Piercing the Corporate Veil

Posted on January 15, 2014 · Posted in All Categories, Business & Corporate Law

The single most important reason why individuals form corporations or LLC’s is to shield themselves from individual liability. The usual risk to the individual is limited to his/her monetary/non-monetary investment in the business.

If the veil of a corporation or LLC is pierced, the debts of the entity are also treated as debts of the shareholder or member.

The good news in Pennsylvania is that case law clearly establishes a strong presumption against piercing the veil of a corporation or LLC. Any individual contemplating forming a business entity or any existing business owner should know the factors a court would consider in ruling on an attempt by a creditor to proceed under this theory:

  1. Insufficient Capitalization for the purposes for which the entity was undertaken;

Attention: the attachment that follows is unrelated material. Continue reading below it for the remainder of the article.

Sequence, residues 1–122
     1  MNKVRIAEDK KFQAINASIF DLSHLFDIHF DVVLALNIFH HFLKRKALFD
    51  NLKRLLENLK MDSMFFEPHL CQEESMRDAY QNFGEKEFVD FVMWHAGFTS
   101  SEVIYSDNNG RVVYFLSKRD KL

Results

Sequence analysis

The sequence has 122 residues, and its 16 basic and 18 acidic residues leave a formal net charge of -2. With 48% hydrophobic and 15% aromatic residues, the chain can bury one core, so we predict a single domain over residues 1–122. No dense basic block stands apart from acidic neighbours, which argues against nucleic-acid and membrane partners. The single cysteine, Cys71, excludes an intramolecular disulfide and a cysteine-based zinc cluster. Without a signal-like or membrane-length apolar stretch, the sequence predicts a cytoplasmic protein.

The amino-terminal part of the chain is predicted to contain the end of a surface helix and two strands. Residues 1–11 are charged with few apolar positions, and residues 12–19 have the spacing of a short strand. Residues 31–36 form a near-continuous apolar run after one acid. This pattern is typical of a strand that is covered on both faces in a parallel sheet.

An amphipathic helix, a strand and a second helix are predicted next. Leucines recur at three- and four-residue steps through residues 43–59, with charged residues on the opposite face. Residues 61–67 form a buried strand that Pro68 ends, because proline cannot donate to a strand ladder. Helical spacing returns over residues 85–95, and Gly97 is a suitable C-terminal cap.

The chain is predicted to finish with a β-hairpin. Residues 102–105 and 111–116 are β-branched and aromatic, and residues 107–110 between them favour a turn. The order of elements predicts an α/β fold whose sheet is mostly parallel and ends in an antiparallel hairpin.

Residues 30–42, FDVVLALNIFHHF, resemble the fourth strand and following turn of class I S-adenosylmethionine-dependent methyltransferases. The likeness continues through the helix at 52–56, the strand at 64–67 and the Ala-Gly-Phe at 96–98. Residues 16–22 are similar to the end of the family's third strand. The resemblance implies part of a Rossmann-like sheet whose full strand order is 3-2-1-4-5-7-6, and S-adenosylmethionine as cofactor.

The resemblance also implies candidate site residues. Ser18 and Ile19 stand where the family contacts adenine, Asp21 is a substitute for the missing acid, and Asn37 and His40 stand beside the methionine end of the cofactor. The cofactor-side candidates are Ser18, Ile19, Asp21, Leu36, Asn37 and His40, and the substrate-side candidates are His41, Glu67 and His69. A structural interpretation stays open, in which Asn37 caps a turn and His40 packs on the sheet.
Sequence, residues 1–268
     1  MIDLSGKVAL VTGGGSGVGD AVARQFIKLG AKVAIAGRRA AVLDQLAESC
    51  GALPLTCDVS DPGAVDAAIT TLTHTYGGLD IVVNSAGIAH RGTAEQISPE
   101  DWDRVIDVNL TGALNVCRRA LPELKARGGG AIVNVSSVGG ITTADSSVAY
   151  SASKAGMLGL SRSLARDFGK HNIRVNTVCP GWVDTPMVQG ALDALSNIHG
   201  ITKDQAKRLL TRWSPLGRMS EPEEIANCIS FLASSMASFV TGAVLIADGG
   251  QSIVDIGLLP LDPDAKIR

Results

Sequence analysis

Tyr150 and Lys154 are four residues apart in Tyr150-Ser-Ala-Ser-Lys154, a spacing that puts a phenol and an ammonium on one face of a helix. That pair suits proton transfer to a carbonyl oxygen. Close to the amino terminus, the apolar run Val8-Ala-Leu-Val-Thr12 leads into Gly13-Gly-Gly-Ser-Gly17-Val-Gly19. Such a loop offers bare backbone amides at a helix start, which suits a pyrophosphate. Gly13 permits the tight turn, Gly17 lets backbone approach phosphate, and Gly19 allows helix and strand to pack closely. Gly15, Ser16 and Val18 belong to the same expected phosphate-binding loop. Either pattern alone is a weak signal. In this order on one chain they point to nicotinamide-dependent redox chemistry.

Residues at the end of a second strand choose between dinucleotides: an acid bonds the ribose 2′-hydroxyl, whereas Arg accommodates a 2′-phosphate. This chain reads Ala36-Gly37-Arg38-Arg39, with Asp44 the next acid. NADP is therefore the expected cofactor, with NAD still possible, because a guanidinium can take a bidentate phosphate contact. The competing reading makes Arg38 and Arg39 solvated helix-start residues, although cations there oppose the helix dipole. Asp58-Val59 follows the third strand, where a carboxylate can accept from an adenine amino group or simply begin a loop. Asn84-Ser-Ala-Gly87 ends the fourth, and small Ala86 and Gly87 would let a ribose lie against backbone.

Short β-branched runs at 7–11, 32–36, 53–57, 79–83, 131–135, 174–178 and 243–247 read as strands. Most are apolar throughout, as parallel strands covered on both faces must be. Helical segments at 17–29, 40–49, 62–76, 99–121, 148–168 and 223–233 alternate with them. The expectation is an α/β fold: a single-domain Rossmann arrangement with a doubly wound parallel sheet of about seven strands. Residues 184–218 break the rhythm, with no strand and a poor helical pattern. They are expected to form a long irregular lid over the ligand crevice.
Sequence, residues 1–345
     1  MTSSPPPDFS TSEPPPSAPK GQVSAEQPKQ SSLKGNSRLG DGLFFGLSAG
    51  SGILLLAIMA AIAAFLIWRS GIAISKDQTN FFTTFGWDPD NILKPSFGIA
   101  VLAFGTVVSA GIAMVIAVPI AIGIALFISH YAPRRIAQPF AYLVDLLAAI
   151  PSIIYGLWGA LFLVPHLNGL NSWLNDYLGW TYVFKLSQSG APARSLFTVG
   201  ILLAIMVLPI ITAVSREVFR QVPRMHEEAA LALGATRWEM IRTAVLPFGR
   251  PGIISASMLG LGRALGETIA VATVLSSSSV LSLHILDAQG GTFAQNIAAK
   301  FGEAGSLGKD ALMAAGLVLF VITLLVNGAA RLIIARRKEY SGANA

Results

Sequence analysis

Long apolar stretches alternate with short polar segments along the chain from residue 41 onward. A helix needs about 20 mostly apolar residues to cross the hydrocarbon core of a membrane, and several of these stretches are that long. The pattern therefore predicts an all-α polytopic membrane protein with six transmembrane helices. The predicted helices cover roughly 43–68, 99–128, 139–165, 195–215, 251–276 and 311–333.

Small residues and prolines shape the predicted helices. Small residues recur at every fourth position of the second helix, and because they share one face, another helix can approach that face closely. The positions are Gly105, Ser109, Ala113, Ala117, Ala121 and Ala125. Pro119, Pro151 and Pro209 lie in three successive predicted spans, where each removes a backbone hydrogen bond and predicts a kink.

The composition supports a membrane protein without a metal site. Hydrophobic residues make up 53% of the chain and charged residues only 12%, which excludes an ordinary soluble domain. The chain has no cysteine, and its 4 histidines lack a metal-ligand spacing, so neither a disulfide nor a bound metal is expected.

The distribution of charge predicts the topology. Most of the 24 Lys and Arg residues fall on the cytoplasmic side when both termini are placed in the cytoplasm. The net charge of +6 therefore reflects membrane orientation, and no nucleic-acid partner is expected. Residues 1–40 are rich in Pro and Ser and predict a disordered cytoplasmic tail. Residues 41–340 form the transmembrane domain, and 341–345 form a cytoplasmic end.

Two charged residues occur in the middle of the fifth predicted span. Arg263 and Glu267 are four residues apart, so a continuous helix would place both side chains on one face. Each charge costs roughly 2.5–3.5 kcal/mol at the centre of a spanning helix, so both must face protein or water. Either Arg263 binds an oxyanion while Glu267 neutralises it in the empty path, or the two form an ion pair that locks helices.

2. Co-mingling of personal funds with business funds;
  3. Failure to observe business formalities such as conducting meetings, keeping minutes, electing directors, and keeping bank records;
  4. Use of the business entity to perpetrate a fraud; and
  5. Creation of a new business entity to avoid debts of a pre-existing business entity.

While there is strong presumption against piercing the business entity veil, avoiding the above pitfalls can help to insure that you maintain the limited liability for which you formed your business entity.

Please don’t hesitate to contact Ronald S. McGlaughlin if you have any questions pertaining to the topics raised in this post.

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